This gave teachers only a few days before this Friday to decide if they want to continue to work within the district. To avoid losing their state teaching certification, they have up to 45 days before the first day of school to withdraw from their contract. Miles, however, has said teachers can continue to transfer within the district after the deadline.
HISD sidestepped parents and teachers’ complaint that they were not included in the decision making, and responded to the Observer via email, saying, “Principals at the 57 NESA schools were asked to consult with their teachers, faculty, and staff prior to opting in and after doing so, were ready to take bold action to improve outcomes for all students and eradicate the persistent achievement and opportunity gaps in the district.”
During campus meetings about Miles’ NES program, teachers raised common concerns: staffing shortages, staffing, and program cuts, longer work hours, and the loss of autonomy to tailor their curriculum to diverse students.
Miles has promised teachers they could focus all their time on instruction. But parents and teachers the Observer spoke to questioned if there were enough teachers, particularly certified teachers who are trained and have accreditation, to fill those positions when the district has struggled to fill vacancies.
“I cannot see how any of that is actually going to come to fruition when you can’t find classroom teachers in a regular situation,” Collins said.
Ellen, a teacher at M.C. Williams Middle School, who requested we use her middle name for fear of retaliation, said her school recently lost five teachers to other NES-mandated schools offering higher salaries. They still have uncertified teachers filling vacant positions.
Elective teachers also expressed concerns about losing their jobs. While Miles has promised that existing magnet and elective programs will not be supplanted by NES’ “dyad program” of uncertified, independent contractors teaching music and art, a school staffing model Miles provided principals shows that the number of elective teacher positions are limited according to the school population. For example, campuses with 450 to 600 students will only have six elective teachers, including P.E. teachers.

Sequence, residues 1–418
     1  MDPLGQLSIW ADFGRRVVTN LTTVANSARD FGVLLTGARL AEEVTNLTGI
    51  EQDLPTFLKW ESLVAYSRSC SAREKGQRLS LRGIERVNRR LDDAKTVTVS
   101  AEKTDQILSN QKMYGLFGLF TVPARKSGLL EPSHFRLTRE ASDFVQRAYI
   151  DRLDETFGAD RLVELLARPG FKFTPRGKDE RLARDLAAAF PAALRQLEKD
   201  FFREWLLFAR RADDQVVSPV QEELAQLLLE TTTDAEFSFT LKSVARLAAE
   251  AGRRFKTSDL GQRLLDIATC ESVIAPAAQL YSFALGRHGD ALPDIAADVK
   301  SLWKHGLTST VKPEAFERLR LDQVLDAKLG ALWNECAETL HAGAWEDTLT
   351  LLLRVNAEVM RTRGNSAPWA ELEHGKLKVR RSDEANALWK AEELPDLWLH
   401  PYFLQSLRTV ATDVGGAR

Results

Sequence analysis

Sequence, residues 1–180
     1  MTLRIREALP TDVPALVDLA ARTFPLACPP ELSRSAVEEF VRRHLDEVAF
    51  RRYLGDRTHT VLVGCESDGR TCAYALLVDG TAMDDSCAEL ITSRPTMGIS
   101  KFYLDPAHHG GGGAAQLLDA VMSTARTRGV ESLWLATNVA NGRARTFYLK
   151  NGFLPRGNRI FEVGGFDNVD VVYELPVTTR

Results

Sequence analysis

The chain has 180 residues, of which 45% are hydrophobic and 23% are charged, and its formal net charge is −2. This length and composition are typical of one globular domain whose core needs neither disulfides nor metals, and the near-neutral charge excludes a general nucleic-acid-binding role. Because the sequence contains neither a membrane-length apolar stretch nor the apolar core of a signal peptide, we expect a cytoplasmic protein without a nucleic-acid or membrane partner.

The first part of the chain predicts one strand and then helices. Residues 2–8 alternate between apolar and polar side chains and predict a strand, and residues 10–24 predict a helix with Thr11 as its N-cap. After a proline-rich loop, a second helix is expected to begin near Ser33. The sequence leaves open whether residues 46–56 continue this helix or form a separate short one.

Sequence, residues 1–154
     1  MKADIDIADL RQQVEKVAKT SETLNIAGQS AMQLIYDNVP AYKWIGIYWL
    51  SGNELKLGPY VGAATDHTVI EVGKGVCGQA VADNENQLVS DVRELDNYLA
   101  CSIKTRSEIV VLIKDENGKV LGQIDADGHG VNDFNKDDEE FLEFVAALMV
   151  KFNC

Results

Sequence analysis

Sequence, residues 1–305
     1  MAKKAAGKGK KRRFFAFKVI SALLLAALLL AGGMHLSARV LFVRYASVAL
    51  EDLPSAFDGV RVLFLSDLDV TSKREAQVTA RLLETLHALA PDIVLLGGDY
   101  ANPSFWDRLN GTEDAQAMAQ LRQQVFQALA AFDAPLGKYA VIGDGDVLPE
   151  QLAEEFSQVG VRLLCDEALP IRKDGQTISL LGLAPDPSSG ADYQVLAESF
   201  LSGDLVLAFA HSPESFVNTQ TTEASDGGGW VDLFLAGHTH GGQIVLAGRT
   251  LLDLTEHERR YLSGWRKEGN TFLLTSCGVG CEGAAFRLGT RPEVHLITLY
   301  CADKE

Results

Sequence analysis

Additionally, teachers expressed misgivings about working longer hours—at least 5 hours more per week are required under the program—even with the promise of a $10,000 stipend. Juan Carlos Suarez said his principal at Bonner Elementary did not tell the staff about the longer workday.
“They only gave us the schedules for the kids, which is shorter,” Suarez said. He added that teachers were told students were not to have any downtime. “To not give kids any downtime, for them to be productive every single second, or have any breathing room, it’s like we’re training them to be prisoners.”
Teachers reported feeling pressured by potential job loss to get on board. Echoing what Miles told school principals at a meeting last Thursday, teachers shared that they were told that if any school in their elementary to high school feeder pattern did not meet the state’s standards, then all schools would have to be reconstituted. Like the 28 schools mandated to join Miles’ NES program, campus employees would have to reapply for their jobs the following school year.
“The threat was if you’re not opted in, and your school becomes NES mandated, your faculty has to go through the whole rehiring and interview process all over again,” Collins said.
Wainwright Principal Michelle Lewis said in the audio recording, “We have been promised we do not have to reconstitute. … You gotta buy into what we’re doing to keep the job.”
Parents and teachers we spoke to expressed that, with all the required changes, they felt ill-informed and ill-prepared for the next school year, which begins in six weeks.
“How are we trying to roll this out in August when we can’t answer any questions related to the day-to-day functioning of a building,” Collins said.
Ellen reiterated Collin’s concern: “We have no idea what we’re walking into when those doors open.”